Media praise for HTML: The Definitive Guide

"My copy of this book has been stolen! I work with a group of people that code in HTML every day. A number of them have purchased O'Reilly and Associates HTML: The Definitive Guide after comparing it to a number of others available (but I was the first, so the glory goes to me).

"Unfortunately, my copy has been stolen (even thieves know which book is best), and I have been struggling ever since; no other HTML book holds a torch to this one. It's not only good for learning new information, but also for refreshers and for use as a quick reference. Looking at other HTML books is always disappointing after using this one. The chapters on frames and tables are especially good. "If you want to get better at HTML, and have fun doing it, this is the book for you. I have almost given up hope that mine will return, and may have to buy a new copy. Then I will be truly happy once more."

-- Dave Brewer, posted on, June 1997

(For 1st Edition)

"Finally. An HTML book worth buying. If you write or design for the Web you'll quickly find this book the only paper-based guide to HTML worth keeping. Written by Chuck Musciano and Bill Kennedy, the style and tone of the work is refreshingly crisp and painstakingly accurate.

O'Reilly & Associates is one of the few computer book publishers that doesn't get caught up in sacrificing quality for bulk in its titles. At almost 400 pages, HTML: The Definitive Guide isn't a lightweight, but there is absolutely no fluff or coverage of tangential issues in this work. The book is an authoritative treatment of the HTML markup language; you won't find general Internet or Web information here. Readers of other O'Reilly titles will find the book's interior design and layout familiar; HTML: The Definitive Guide is easily navigated and best treated as a reference guide.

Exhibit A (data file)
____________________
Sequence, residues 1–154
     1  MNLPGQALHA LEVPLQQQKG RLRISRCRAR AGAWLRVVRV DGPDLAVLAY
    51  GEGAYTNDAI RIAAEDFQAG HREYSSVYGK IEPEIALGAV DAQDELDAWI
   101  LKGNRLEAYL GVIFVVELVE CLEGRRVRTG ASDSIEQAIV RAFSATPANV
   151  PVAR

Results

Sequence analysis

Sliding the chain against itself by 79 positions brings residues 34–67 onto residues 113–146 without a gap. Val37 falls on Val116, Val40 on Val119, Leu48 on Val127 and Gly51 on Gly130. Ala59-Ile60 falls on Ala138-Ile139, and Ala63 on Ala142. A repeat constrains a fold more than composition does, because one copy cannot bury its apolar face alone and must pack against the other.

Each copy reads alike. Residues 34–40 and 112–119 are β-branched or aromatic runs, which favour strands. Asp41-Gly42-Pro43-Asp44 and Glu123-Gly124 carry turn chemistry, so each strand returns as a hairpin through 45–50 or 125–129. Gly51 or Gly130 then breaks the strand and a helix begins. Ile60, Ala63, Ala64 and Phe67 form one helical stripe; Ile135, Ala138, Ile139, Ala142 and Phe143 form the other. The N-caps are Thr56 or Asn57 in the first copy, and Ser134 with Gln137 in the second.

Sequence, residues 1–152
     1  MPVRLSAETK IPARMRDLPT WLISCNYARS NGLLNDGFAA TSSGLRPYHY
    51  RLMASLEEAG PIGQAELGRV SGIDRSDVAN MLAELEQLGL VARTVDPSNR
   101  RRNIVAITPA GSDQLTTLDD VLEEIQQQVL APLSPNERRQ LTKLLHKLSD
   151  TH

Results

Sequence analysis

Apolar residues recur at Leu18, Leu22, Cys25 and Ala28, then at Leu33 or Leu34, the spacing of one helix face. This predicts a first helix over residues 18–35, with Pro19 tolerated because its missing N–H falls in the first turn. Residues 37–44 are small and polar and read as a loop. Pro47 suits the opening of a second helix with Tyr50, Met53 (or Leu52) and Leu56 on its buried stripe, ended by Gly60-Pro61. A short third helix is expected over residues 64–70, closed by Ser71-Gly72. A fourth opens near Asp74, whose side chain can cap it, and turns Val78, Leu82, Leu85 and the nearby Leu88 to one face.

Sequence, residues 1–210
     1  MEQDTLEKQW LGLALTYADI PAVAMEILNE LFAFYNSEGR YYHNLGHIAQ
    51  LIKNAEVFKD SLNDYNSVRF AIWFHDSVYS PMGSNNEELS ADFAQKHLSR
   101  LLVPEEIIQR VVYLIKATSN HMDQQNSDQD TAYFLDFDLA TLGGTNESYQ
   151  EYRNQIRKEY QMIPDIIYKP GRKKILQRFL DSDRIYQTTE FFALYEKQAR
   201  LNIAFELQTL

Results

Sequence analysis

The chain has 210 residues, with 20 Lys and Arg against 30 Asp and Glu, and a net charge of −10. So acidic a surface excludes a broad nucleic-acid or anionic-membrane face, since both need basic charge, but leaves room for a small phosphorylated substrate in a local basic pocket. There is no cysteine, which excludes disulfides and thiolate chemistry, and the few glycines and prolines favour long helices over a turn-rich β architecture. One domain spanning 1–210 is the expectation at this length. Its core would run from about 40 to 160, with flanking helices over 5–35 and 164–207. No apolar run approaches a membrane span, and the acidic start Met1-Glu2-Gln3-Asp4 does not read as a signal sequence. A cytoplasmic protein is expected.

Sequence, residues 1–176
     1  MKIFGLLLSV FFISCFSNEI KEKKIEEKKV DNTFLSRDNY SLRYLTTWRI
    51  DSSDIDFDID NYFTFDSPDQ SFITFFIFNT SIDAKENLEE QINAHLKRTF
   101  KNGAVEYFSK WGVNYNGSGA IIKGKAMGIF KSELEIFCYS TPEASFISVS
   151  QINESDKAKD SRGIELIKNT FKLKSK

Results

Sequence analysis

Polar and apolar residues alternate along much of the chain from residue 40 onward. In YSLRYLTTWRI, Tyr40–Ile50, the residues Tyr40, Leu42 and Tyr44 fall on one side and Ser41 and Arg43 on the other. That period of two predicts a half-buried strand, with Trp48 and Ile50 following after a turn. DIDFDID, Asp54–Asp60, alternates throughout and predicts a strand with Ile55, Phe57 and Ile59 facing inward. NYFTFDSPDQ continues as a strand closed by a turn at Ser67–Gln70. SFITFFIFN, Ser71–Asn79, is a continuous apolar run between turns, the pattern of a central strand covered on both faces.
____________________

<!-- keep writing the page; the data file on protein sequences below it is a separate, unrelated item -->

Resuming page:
"In the three years since the creation of HTML, the markup language has grown in both power and complexity. HTML: The Definitive Guide manages this complexity effectively by providing generous examples and an integrated style guide. This is the first HTML reference I've seen that refers to the non-existent HTML 3.0 as what it is: a marketing gimmick. Moreover, this is the first book I've seen that provides a clear and concise discussion of how non-standard and pseudo-standard HTML tags are handled by various Web browsers. This information is crucial for serious Web authors and designers.

"HTML: The Definitive Guide covers the HTML 2.0 standard and the Netscape 2.0 extensions. That may sound outdated, but it's not. The work includes complete coverage of the most recent HTML constructs including forms, tables, font handling, frames, and dynamic documents (server push/client pull)."

--Michael Fraase, Cyberspace Settlers Guide, Copyright 1996 Arts & Farces

"Out of the hundreds of HTML books on the market just one stands out for completeness and clarity. That book is: HTML: The Definitive Guide by Chuck Musciano & Bill Kennedy...published by O'Reilly & Associates.

"Not only does this book cover HTML version 2 and 3 well without treating the reader as if he were a child, it also covers the major extensions to the HTML language developed by both Netscape and Microsoft.

"Clear technical writing for which O'Reilly & Associates is known is what makes this book required reading for every web master. A handy pull out reference guild is included as well. Also of note is the complete listing of every tag, function and attribute connected with each tag in a box for easy use. I have seen dozens of books about HTML, most of them bad, a few good, but this is the only one that comes close to being the kind of printed documentation that most computer programming languages come with.

"An excellent book which I would, and have suggested to anyone."

--Greg Kearney, Editor, Internet DailyNews,